Last month, the critic Nate Chinen wrote a column in JazzTimes that has roiled the jazz blogosphere. As soon as I started reading, I could see why it kicked up a fuss, because I felt myself reflexively assuming a defensive crouch:
A jazzbro—not to be confused with a jazzbo, its older taxonomical cousin—is a self-styled jazz aficionado, overwhelmingly male and usually a musician in training himself, who expresses a handful of determinative social behaviors. Among these are a migratory pattern from the practice room, where they often nest alone, to the jazz club, where they travel in packs; a compulsion to signal the awareness of any mildly startling musical detail, with muttered exclamations like the aforementioned "Woooo"; the emphatic adjectival use of the word "killing," as in "that solo was killing"; and the exploitation of jazz knowledge as a private commodity selectively put on public display.
Elsewhere, Chinen offers some more signal traits. The jazzbro is "utterly convinced of both the superiority of his taste and the marginalization of his ideas." As with the standard bro, the jazzbro is usually between the ages of 18 and 34 and is most likely white and male, but there are black and female jazzbros, too. (Namechecked but left vague are jazz-nerds, a separate group whose main distinguishing characteristic appears to be a fondness for transcribed solos.) I'm not a musician in training, but I saw myself in almost all of the other descriptors. I'm the guy always bobbing in his seat, whether at a divey club or a concert hall. I sometimes call people "cats," and I know people who use words like "hip" and "dig" and "swinging" unselfconsciously, though there's no way the habit didn't start as affectation. I'm listening to this as I write.
So I was ready to be taken to the woodshed, and not in the jazz musician's sense of practicing. But Chinen's column, along with a follow-up on his personal blog, proved disappointing. He had an excellent conceit, and he has targets that are both juicy and deserving. His overarching point seems to be that jazzbros risk alienating non-jazzbros from the jazz audience and distracting from the music itself. More than anything, what sets Chinen off (and this is a man who writes about music for a living) is the "performative" demonstration of jazz smarts. Yet he doesn't offer any prescription except an admonition to self-awareness. That's a problem, because the hegemony of the jazzbro poses a serious challenge to jazz's ongoing health.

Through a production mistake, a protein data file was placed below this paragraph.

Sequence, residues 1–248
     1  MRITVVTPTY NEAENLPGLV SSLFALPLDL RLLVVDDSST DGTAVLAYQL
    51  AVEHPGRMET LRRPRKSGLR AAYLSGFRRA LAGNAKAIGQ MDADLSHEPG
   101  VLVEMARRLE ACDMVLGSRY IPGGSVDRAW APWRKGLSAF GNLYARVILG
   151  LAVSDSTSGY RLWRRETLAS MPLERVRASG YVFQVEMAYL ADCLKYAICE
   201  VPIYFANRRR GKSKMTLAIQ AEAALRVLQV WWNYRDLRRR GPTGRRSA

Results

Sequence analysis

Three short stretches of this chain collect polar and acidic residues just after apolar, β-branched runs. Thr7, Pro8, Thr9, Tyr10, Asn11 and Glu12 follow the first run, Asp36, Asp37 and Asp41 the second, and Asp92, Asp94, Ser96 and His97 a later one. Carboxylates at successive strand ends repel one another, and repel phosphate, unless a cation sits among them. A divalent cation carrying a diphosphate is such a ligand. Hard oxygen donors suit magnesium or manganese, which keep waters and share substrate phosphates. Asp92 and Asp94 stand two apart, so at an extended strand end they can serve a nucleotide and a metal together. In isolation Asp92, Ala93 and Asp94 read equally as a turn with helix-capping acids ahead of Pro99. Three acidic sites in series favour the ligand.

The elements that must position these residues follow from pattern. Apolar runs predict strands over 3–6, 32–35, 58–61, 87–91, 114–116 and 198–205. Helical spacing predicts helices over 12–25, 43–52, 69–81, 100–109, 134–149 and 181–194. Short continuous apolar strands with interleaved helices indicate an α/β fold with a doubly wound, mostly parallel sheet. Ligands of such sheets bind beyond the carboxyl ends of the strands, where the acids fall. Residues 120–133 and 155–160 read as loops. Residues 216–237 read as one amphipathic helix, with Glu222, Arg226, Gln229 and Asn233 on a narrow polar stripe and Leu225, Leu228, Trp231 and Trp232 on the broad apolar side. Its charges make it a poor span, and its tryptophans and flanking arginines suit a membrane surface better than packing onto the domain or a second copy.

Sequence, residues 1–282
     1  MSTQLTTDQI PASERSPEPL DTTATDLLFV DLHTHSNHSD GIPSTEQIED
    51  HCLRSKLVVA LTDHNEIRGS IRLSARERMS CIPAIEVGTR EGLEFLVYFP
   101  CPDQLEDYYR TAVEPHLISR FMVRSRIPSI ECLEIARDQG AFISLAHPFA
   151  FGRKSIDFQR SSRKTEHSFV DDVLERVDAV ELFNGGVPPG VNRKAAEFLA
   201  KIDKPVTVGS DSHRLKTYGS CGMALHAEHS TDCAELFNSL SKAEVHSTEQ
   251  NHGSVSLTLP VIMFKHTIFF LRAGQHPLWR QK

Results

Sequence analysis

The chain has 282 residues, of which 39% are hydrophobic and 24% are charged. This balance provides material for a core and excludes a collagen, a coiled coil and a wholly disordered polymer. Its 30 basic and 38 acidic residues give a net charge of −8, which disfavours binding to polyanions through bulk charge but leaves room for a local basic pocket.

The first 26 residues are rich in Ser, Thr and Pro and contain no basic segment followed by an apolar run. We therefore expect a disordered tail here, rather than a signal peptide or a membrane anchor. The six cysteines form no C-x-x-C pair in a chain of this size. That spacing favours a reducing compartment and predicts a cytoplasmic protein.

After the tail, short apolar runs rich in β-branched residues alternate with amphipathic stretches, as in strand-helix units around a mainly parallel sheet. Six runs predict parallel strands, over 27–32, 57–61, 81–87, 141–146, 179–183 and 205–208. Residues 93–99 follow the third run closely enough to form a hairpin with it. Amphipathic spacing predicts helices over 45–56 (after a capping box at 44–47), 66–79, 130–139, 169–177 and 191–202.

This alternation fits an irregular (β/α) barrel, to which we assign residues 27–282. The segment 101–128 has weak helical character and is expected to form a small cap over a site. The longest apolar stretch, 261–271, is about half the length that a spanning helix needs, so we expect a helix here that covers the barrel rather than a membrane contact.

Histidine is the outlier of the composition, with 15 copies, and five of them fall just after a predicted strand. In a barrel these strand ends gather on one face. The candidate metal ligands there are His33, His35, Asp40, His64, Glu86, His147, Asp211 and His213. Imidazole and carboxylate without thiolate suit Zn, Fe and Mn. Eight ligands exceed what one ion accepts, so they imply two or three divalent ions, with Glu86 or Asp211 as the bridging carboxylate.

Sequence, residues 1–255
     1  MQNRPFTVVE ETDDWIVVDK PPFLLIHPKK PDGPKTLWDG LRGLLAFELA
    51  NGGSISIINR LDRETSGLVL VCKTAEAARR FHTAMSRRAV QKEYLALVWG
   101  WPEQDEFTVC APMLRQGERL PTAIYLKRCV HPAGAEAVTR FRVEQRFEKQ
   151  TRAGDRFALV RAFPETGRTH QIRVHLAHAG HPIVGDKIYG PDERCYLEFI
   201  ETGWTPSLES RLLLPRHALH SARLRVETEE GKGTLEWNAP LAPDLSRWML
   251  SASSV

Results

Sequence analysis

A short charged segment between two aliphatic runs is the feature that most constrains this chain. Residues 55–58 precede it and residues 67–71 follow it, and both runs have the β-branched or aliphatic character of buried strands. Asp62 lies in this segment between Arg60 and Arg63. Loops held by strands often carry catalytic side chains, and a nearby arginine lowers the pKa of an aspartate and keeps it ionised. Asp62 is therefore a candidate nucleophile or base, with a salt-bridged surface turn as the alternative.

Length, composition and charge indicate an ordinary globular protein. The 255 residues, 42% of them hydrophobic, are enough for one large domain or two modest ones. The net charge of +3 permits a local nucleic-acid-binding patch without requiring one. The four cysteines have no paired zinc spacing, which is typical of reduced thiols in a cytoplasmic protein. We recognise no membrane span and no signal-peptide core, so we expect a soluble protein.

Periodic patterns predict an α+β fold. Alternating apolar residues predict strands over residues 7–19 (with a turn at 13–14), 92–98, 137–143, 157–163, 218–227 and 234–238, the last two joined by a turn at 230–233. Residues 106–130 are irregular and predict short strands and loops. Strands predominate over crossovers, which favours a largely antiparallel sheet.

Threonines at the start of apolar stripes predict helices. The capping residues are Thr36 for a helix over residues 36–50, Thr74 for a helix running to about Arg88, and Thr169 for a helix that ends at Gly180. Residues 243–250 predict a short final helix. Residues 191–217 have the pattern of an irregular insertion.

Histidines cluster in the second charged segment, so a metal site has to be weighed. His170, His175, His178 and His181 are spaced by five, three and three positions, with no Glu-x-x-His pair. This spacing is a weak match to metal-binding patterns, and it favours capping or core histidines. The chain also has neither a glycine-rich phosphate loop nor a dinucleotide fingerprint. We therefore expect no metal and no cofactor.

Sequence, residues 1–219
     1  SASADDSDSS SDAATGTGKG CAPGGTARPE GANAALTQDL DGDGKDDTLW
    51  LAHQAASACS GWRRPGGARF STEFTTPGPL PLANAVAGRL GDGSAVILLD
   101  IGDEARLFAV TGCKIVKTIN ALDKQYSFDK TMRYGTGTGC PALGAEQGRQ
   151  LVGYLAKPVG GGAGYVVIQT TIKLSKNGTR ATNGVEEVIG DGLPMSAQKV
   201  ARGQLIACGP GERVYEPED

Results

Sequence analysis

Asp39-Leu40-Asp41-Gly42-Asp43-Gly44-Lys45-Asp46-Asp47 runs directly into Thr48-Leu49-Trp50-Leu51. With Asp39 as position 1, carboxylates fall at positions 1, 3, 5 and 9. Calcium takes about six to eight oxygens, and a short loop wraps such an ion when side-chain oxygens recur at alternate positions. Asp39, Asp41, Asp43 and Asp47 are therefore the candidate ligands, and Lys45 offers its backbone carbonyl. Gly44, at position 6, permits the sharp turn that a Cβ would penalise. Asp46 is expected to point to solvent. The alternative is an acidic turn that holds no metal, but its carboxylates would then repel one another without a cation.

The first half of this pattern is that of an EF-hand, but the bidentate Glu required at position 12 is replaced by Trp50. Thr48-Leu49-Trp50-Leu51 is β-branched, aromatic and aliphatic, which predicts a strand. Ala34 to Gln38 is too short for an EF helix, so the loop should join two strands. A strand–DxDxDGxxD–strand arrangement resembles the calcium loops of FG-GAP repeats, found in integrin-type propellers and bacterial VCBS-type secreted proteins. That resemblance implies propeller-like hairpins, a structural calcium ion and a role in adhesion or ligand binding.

Chinen correctly relates the jazzbro to "The White Negro," Norman Mailer's classic 1957 essay on hipsters (the late '50s kind, not the PBR-and-mustache kind). Mailer posits the presence of a type of young white man, numbed to the world by Auschwitz and Hiroshima and put off leftist politics, which might have captured him in another time, by the brutality of the Soviet Union. With little else to hang onto, he seeks thrills and danger by roaming the streets, speaking in jazz patois, getting stoned, and emulating black jazzmen—though the pidgin and the pot are part of that mimicry. "It is no accident that the source of Hip is the Negro for he has been living on the margin between totalitarianism and democracy for two centuries," Mailer writes. "But the presence of Hip as a working philosophy in the sub-worlds of American life is probably due to jazz, and its knife-like entrance into culture, its subtle but so penetrating influence on an avant-garde generation." *
Parts of "The White Negro" read today as prophetic (here's the summer of love foretold a decade early: "Hip may erupt as a psychically armed rebellion whose sexual impetus may rebound against the anti-sexual foundation of every organized power in America .... A time of violence, new hysteria, confusion and rebellion will then be likely to replace the time of conformity"); others as problematic ("The hipster had absorbed the existentialist synapses of the Negro, and for practical purposes could be considered a white Negro" ); others describe a society that has hardly changed, as the Trayvon Martin trial reminds us ("Any Negro who wishes to live must live with danger from his first day, and no experience can ever be casual to him, no Negro can saunter down a street with any real certainty that violence will not visit him on his walk.")
Unlike the hipster, Chinen's jazzbro doesn't feel alienated from society or life, except aesthetically. "It's just that society, as he knows it, can no longer be understood as a solid mass: Culture at large has been fragmented and micro-tagged," he writes. "Yet jazzbros seek communion. It's one reason they flock to music school and ritually converge anytime Chris Potter is in town with his Underground band."
Chris Potter is the man! But, uh, I digress. Is the desire to flock together worthy of condemnation? And if so, why? Infuriatingly, Chinen's follow-up post only muddies the waters: "Excuse the bro-minology, but I'm really just bustin' some balls here. I kid because I care. But I also kid because, c'mon. Sometimes we can all stand to laugh at our damn selves."